One of the most powerful tools in your marketing arsenal is also one of the simplest to develop and put to work for you.
It’s storytelling—the art of sharing your story and explaining how your business or service helps customers.
It works in just about every situation, and despite the fear you may have of writer’s block or your notion that “I can’t write,” it’s actually surprisingly easy.
That said, not everyone has the inclination or ability to write their story. Most often, the challenge for business owners is simply finding the time necessary to sit down in front of a screen and keyboard (or a sheet of paper for old-school writers) and compose their story.
That’s where folks like us—Wellons Communications—enter the scene.
Who cares about your story?
Actually, nobody. That is, until you give them a reason to care about your story.
At Wellons Communications, we craft narratives that connect your story to the needs of those who can use your services.
We start with your customer. What is it they need? Your customer comes first because your story is really all about them.
Once the needs of your customer are identified, your story ends with explaining how your service fulfills that need or solves their problem. Your service provides a means to their end.
So how does Wellons Communications construct stories?
Every story has three basic elements: a beginning, a middle, and an end.
The need of your customer is the beginning. It is essential that you are able to explain the problem your customer is facing and why it even matters in the first place.
We build the story by sharing how you recognize your customer’s need or want and how you went about addressing your customer’s challenge.
And, in the end, we provide a happy ending…confirming that your customer’s need was solved.
But, unlike a fairy tale, we also remind readers that some problems need to be addressed all the time (like competitive pressures, introduction of competitive services, changes in technology). In short, your service can solve customer’s problem or, better yet, can stand by the customer’s side to continue fulfilling their need.
Our storytelling formula borrows from the best
At Wellons Communications, we don’t claim to have invented storytelling. But we do pay attention and learn from those who share their stories in the most effective and compelling fashion.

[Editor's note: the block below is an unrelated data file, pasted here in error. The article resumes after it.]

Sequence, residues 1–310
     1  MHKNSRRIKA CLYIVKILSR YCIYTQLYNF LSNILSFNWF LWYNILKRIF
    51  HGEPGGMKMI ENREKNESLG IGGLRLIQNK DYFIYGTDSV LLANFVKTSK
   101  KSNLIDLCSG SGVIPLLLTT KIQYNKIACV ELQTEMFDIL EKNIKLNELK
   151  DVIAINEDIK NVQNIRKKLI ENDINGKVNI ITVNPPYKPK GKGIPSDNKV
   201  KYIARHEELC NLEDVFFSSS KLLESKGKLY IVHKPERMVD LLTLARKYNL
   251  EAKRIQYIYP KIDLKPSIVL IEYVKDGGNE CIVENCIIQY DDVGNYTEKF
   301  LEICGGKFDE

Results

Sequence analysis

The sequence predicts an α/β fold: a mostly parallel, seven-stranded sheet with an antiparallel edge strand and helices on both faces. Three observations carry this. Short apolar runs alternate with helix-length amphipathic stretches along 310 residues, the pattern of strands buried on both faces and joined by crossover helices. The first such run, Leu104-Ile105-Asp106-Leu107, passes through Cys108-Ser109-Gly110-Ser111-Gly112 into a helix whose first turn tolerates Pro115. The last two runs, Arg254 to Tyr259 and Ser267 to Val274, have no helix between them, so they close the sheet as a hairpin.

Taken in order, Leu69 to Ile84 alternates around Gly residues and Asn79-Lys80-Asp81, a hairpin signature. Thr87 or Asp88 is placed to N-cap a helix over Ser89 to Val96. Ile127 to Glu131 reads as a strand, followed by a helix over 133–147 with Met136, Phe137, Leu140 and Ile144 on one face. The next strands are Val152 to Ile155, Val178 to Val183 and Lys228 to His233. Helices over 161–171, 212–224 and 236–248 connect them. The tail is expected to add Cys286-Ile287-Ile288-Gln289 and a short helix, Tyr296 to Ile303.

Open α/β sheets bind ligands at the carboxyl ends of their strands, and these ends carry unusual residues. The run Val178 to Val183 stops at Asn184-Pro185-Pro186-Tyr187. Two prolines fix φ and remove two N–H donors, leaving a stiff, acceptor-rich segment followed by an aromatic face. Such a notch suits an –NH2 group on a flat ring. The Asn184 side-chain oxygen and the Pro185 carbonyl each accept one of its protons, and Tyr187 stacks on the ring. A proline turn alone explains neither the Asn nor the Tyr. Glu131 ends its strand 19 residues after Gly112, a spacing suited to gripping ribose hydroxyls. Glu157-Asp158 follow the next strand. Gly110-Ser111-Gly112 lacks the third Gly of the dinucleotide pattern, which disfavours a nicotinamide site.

One of the most powerful storytellers in today’s culture is Pixar, whose cinematic storytelling achievements have earned them considerable earnings, as well as worldwide recognition and respect.
Pixar’s storytelling technique follows a very simple formula. It goes:
Once upon a time there was [blank]. Every day, [blank]. One day [blank]. Because of that, [blank]. Until finally, [blank].
Here’s an example of how our storytelling works
Once upon a time, there was a small group of coffee sellers.
Every day, they sold their coffee to customers who really liked their coffee.
One day, they noticed their customers not only liked their coffee, they wanted more ways to buy their coffee.
Because of that, the coffee sellers decided to make their coffee more available by expanding their store locations and selling coffee by the pound to their customers.
Until finally, their sales grew to the point where the coffee sellers could become a profitable and regional coffee brand.
Let us tell your story—and help your sales and earnings grow
Everyone has a story to tell. Our job is to help our customers clearly identify the story they have to tell, craft that story on their behalf, and figure out the most effective means of sharing that story with current and potential customers.
Our storytelling technique is not quite as easy as the Pixar illustration cited above, but it borrows heavily from successful techniques in totally unrelated industries and puts them to work for our clients.
We can apply same storytelling techniques to your product or service.
Find out more about how we can make your story come to life for your customers. Call or email Will Wellons at 407-462-2718 or email@example.com and find out more about how your story can be told.